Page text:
Reflections On A Life was Rebirth’s 1971 followup. By the time of its recording, there were problems with the record company, while Richard Hopkins/John left the band, replaced by guitarist Graham Davies (who added bass guitar to his armoury in the process). The result was a slightly curious album that embraced psych trappings in taking on the mantle of concept album – so far, so 70s – but at the time maybe seemed to lack something of the immediate musical impact and consistent sonic signature of Rebirth. Having said that, I note that my own response to the album is now quite a bit more positive that it was back in the 70s when I first came across it minus outer sleeve in a bargain-basement dump-bins. It was recorded at Rockfield Studios, and clearly benefitted from co-engineer Ralph Ward’s “hyper-relaxed approach” despite the obvious complexities of the music and the comparative lack of available studio time. Unusually for a concept album, Reflections On A Life didn’t follow a linear story or chronological progression as such, even while it dwelt on individual episodes from within that life. There’s a melancholy, often quite dark tone to much of the material, and a wider spread of musical influences that would nowadays be termed rootsy. Ain’t It Sad Too has touches of John Martyn with a smoky vocal and seriously bluesy slide guitar; Bar Room Blues sports some chuckling hillbilly banjo; The Bargain recalls acoustic Led Zeppelin; the brooding, moody Rut could be early Sabbath; the caustic fuzz-drenched psychosis of Happy Families could be a late Move track; and closing mantra Chorale features some “fingers on mellotron” courtesy of Kips Brown from the band Spring. Opening track Gene Machine is a weird (even by early-70s standards) yet imaginative collage of tape effects that ushers in a treated “antique” vocal, the whole piece reminiscent of something by The United States Of America. And if ever there were a descriptive track title, then No.2 Psychological Decontamination Unit is one such (back to the freak asylum). In all, Reflections On A Life is every bit as satisfying as Rebirth, though in a different way. And it’s such a shame that this was to be the band’s final album, for hearing it today reveals much of burgeoning promise and real development. Its lack of commercial success was largely due to record company’s lack of enthusiasm for its promotion (by the time of its release they were more interested in accessible pop than intelligent progressiveness) – the band were simply out of sync with the music business, rather than their work being in any way lacking in quality.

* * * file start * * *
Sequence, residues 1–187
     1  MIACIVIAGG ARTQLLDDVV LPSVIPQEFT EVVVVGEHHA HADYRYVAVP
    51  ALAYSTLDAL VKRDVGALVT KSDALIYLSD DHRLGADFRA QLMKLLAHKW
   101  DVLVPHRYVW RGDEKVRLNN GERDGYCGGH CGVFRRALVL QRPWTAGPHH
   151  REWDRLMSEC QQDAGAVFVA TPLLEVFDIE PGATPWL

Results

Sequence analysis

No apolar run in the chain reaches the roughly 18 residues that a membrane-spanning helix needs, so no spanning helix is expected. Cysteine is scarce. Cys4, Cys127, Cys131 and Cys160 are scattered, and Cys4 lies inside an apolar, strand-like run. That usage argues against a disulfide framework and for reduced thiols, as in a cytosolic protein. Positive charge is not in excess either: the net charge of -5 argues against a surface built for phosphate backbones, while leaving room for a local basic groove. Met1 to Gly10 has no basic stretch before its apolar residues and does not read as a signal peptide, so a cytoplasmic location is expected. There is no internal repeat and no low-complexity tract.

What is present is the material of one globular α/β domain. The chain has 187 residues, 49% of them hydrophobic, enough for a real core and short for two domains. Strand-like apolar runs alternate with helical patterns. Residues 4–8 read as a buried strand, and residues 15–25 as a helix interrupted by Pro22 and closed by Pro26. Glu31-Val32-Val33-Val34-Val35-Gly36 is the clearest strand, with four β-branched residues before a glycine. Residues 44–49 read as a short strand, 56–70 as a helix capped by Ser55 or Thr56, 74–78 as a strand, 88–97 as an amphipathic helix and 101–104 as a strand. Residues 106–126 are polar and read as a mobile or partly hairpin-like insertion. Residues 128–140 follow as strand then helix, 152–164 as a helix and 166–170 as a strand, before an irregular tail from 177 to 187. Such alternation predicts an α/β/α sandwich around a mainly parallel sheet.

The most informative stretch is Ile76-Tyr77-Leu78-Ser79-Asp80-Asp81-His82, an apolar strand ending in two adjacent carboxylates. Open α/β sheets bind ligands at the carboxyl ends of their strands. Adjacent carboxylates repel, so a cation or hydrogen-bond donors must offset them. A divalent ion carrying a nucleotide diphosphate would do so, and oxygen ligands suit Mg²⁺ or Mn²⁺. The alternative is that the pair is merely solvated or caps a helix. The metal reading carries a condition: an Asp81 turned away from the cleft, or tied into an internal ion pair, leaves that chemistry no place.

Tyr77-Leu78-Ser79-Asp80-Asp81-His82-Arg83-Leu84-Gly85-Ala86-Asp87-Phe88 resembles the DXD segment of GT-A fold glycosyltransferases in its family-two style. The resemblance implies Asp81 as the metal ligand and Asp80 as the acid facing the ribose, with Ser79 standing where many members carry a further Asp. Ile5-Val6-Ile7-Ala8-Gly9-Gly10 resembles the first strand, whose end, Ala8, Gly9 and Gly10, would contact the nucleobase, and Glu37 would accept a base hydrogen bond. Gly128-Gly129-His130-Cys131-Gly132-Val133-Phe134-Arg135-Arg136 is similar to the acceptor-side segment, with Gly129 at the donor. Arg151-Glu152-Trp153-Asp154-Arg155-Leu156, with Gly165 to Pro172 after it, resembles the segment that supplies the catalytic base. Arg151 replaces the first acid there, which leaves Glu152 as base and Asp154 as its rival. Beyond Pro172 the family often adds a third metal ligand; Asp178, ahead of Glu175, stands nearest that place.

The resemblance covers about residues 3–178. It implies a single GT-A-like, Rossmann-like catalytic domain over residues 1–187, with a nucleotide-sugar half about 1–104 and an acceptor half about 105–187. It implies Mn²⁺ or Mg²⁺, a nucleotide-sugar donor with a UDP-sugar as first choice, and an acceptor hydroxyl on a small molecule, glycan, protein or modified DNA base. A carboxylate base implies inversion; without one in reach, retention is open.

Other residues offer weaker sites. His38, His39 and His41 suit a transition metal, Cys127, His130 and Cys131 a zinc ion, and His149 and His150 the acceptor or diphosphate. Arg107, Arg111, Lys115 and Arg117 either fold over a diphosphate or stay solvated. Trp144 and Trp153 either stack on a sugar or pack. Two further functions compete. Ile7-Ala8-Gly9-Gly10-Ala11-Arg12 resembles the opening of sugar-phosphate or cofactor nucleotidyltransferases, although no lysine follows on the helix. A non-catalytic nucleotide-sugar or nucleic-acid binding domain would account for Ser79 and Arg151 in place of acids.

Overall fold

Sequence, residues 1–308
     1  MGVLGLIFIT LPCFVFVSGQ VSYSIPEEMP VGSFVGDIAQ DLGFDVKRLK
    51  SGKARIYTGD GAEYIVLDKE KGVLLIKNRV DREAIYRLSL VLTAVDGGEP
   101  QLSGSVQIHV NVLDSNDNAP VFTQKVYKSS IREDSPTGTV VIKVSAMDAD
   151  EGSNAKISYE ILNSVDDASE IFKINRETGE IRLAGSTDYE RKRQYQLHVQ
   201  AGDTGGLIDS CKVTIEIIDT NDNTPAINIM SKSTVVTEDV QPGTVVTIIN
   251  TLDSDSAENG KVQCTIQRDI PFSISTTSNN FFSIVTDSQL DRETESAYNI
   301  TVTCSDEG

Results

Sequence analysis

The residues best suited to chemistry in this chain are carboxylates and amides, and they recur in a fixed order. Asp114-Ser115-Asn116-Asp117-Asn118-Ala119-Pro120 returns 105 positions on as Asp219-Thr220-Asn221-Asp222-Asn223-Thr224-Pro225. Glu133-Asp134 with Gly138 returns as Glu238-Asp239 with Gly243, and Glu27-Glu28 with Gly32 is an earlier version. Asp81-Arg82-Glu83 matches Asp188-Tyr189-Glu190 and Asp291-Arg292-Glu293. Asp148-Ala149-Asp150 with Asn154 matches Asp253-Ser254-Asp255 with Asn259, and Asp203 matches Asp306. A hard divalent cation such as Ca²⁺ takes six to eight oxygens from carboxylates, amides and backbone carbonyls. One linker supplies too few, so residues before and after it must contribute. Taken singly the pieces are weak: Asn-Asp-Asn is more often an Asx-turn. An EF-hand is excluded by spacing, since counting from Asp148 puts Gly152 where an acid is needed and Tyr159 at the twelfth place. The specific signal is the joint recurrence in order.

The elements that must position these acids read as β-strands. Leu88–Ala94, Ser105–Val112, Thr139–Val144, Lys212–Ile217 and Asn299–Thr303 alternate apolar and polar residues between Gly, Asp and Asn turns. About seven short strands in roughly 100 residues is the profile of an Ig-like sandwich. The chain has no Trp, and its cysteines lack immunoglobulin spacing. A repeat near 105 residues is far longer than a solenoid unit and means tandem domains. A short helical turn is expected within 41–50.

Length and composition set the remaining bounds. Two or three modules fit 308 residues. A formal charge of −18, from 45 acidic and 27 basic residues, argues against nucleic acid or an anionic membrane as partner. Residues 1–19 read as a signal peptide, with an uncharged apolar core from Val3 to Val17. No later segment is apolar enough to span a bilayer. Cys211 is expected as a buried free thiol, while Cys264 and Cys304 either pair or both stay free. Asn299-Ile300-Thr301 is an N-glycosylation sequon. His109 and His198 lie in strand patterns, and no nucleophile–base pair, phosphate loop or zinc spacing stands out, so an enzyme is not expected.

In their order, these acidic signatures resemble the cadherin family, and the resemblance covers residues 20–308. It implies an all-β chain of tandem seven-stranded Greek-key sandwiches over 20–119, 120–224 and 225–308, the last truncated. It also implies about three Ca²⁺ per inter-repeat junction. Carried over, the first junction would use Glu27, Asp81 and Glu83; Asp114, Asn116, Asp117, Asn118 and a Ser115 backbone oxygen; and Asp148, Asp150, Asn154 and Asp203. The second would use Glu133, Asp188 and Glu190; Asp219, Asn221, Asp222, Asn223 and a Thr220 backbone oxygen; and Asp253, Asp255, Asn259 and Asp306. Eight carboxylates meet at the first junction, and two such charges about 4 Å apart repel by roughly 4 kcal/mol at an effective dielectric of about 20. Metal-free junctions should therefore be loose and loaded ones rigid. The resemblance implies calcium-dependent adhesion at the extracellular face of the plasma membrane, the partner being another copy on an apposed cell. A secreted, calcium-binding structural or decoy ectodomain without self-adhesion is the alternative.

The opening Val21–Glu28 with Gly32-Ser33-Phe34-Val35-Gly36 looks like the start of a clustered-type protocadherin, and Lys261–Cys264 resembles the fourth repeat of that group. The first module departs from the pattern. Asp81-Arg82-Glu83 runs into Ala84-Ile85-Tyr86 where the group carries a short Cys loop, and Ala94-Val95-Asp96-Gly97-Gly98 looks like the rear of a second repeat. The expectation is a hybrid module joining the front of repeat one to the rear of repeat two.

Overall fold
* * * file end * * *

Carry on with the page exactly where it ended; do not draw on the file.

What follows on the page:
A final word of praise for the accompanying booklets, which contain exclusive new interviews with Messrs Thomas and Johnson as well as photos and lyrics and original artwork and sleeve notes. The perspective presented by this pair of fine reissues is IMHO the correct one – that Blonde On Blonde made some highly significant music, and richly deserved better promotion and critical and public acclaim than they received.

David Kidman